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Tiny heart pump saves lives during high-risk cardiac procedures

Mr. and Mrs. Copans with their care team. (Left to right).

Mr. and Mrs. Copans with their care team. (Left to right).

SUGAR LAND – (April 24, 2017) — Houston Methodist Sugar Land Hospital is the first in Fort Bend County to use a tiny heart pump to protect a patient’s blood flow and save vital tissue during cardiac surgery.
In January, board-certified interventional cardiologist, Htut Win, M.D., used the Impella® CP – the world’s smallest heart pump – to keep a patient’s blood flowing following cardiac arrest during a complex procedure to remove clots from his main artery.
The tiny pump was cleared by the FDA in 2016 for high-risk elective and emergency usage. It pumps up to 3.5 liters of blood every minute, protecting the brain and kidneys from the long-term damage that occurs when the patient’s own heart is not pumping enough blood. The small size of the pump allows it to be inserted percutaneously through a small hole in the leg, up through the main pumping chamber of the heart.
The first patient treated with the device, Eric Copans of Sugar Land, was admitted on Jan. 17 suffering from chest pain. He immediately went into cardiac arrest in the emergency department and was treated with a defibrillator before being rushed to the hospital’s cardiac catheterization lab. There, Win inserted the device through an incision in the groin, and threaded the pump via a long wire into Copans’ heart. Because the heart was not pumping enough blood due to cardiogenic shock, the device started to assist with blood flow.
Win determined that Copans suffered a coronary aneurysm and that clots inside it had made his main artery 100 percent blocked. He began clearing the blockage and placing stents to restore natural blood flow. During that procedure, Copans went into cardiac arrest again, which is not unusual, and the device took over his heart function completely.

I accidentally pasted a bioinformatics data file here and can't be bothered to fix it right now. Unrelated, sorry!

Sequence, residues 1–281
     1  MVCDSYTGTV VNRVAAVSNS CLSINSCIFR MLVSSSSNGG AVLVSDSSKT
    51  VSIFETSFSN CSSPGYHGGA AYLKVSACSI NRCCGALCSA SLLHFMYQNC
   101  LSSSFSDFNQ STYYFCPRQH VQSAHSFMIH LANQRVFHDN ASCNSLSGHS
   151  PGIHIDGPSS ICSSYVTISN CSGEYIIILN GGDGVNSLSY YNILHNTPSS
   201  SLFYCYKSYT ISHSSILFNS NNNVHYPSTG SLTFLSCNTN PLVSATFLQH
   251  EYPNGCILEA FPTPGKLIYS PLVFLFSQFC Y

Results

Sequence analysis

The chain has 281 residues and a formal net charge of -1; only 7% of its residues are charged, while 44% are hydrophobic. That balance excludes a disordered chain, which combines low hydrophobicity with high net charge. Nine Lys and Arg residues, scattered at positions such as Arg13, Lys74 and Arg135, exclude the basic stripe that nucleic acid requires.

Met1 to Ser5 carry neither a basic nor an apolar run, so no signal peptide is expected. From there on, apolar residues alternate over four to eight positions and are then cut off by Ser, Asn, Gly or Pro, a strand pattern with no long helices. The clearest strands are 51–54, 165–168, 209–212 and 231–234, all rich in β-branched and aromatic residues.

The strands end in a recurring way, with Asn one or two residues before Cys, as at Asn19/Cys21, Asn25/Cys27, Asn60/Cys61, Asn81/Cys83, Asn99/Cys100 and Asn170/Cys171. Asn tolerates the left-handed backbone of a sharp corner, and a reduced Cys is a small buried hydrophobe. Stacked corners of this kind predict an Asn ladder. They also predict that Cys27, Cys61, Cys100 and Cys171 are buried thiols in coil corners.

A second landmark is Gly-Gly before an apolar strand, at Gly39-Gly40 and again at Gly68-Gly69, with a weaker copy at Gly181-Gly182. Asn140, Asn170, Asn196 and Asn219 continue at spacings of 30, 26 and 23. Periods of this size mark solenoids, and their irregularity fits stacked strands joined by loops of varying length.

“In the past, we would have to perform CPR manually while clearing the artery at the same time, and the risk of brain and kidney damage, or even death, was high because of the difficulty of pushing enough blood through the body,” said Win. “Now, the Impella CP takes over for the heart and protects vital organs, and it happens seamlessly. It is a true lifesaver.”
Win said that another benefit of the device is its ability to help patients recover from cardiac procedures. The pumps can remain in place for up to four days following a coronary procedure or incident to support blood flow while the patient’s heart regains strength. In Copans’ case, Win allowed the tiny device to do much of the work immediately following the artery-clearing procedure, then slowly reduced the amount of blood the pump was moving over a 24-hour period as Copans’ heart recovered.
“These situations obviously place a great deal of stress on the heart, and the pump allows the heart to rest without having to work so hard to keep blood flowing,” Win said. “The human heart typically pumps about 5 liters of blood per minute, so with the Impella CP at full strength, a patient’s heart only has to pump about 1.5 liters, which is enough to allow for recovery over a few hours or days.”
Houston Methodist Sugar Land is the only hospital in Fort Bend currently using the Impella CP and its less powerful version, the Impella 2.5, which was approved by the FDA in 2015. The Impella 2.5 is typically used in high-risk patients undergoing elective cardiac procedures such as a coronary artery bypass.
To learn more about the Heart & Vascular Center at Houston Methodist Sugar Land Hospital, visit houstonmethodist.org/heart-sl or call 281.274.7500 to find a doctor in your area.
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